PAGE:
A SPORTY ENDING: The Santa Barbara International Film Festival was going strong on Super Bowl Sunday, and serious moviegoers had no interest in the big game. Every feature presentation began with a commercial for Ugg Australia shoes (the festival’s main sponsor) starring Tom Brady, the quarterback of the New England Patriots. When it appeared on the screen at game time, SBIFF director Roger Durling said there was a brief outburst in the theater amid fears that the Super Bowl would be shown instead of a film about corruption in Russia.
So the festival came to a conclusion last Saturday night with a large audience at the Arlington Theatre cheering heartily during a feel-good sports movie. We’ve all seen it before — the gritty underdogs overcoming slings and arrows to emerge victorious against their haughty rivals. But McFarland, USA was a hit in its premiere showing here (it will be released Feb. 20) for several reasons.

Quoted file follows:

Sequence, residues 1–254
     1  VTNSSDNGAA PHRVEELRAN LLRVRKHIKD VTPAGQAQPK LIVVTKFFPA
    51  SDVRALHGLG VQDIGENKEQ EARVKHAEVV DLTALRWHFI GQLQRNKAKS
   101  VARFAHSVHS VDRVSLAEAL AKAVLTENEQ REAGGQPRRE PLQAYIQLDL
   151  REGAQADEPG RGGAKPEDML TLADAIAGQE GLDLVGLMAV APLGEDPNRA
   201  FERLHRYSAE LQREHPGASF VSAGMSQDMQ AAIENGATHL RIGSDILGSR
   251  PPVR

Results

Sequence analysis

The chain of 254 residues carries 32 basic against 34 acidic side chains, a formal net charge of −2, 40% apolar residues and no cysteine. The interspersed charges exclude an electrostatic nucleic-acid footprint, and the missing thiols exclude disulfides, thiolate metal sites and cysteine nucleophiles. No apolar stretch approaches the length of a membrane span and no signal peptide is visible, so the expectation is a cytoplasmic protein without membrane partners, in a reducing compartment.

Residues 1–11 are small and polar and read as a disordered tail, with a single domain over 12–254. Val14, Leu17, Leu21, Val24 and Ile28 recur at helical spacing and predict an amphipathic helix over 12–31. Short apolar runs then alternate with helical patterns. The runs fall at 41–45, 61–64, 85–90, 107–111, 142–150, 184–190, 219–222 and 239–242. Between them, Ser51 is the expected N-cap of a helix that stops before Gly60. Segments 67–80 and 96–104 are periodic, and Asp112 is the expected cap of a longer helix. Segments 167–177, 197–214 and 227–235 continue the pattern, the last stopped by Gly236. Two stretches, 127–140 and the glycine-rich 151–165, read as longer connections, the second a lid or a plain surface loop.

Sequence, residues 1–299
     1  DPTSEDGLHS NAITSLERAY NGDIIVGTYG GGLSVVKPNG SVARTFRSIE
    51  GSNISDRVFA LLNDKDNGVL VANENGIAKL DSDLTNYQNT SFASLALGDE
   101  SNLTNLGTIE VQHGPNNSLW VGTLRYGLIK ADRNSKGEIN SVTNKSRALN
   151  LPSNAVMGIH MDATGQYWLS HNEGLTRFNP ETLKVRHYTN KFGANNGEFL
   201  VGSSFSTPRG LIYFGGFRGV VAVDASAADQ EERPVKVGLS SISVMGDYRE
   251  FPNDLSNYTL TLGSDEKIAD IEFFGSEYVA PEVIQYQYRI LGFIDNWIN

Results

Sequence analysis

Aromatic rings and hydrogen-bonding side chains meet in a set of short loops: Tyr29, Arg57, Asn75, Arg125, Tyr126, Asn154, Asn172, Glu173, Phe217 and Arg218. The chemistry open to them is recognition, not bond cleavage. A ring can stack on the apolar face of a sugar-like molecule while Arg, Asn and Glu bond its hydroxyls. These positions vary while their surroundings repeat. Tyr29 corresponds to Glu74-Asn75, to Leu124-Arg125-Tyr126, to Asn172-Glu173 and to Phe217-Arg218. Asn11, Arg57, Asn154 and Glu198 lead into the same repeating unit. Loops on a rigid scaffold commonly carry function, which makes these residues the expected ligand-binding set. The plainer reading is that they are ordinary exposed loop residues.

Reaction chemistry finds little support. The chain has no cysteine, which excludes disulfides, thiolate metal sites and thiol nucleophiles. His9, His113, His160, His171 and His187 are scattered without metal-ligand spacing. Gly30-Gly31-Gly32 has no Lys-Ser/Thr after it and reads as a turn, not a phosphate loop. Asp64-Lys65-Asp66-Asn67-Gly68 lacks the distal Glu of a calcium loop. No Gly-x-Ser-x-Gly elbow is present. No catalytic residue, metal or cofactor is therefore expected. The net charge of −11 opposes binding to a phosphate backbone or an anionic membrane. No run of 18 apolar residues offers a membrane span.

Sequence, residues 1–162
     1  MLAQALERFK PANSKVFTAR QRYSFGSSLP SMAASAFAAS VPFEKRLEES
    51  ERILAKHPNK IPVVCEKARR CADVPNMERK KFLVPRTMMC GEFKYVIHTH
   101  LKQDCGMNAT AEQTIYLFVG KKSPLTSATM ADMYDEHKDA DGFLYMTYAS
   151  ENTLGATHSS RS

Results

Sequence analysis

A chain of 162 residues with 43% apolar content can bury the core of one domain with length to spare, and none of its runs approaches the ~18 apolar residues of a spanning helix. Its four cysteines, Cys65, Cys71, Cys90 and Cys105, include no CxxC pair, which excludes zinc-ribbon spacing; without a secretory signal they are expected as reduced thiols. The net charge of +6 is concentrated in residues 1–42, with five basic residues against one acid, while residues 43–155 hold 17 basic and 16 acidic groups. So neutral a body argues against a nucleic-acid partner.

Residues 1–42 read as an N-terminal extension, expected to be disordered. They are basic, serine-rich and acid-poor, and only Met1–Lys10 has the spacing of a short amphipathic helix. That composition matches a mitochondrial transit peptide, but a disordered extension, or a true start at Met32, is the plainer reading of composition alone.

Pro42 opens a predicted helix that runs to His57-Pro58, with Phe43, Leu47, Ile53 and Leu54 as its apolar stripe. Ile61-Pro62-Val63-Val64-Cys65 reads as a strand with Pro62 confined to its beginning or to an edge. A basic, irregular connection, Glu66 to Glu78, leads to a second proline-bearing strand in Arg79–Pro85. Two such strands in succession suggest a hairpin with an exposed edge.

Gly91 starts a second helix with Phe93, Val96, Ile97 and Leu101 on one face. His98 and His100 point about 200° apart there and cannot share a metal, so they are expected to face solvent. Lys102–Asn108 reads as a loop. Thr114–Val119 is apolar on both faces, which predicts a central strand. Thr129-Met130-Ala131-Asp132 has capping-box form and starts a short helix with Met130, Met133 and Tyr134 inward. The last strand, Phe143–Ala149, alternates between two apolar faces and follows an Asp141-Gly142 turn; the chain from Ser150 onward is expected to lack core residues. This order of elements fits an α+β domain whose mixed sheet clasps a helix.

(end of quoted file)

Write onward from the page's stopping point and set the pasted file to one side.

It tells a true story about the high school cross-country team in McFarland — a dirt-poor agricultural town between Bakersfield and Fresno — that won the first state championship in 1987. Their coach Jim “Blanco” White is portrayed by Kevin Costner, who has a natural aptitude for sports movies. He clocks the runners with an egg timer and convinces them that they are going to prevail because they work harder. Who else starts their school days picking crops in the fields before sunrise? Most of all, it’s the humanity of the Latino boys and their families that makes the film shine.
McFarland runners won nine state titles in Divisions 3 and 4 (small schools) from 1987-2001. In recent years, they were put into Division 2 against much larger schools. Last fall, they were elevated to Division 1, and for the first time in 25 years, McFarland did not qualify for the state meet. Thanks to the movie, the team’s legacy will not be forgotten.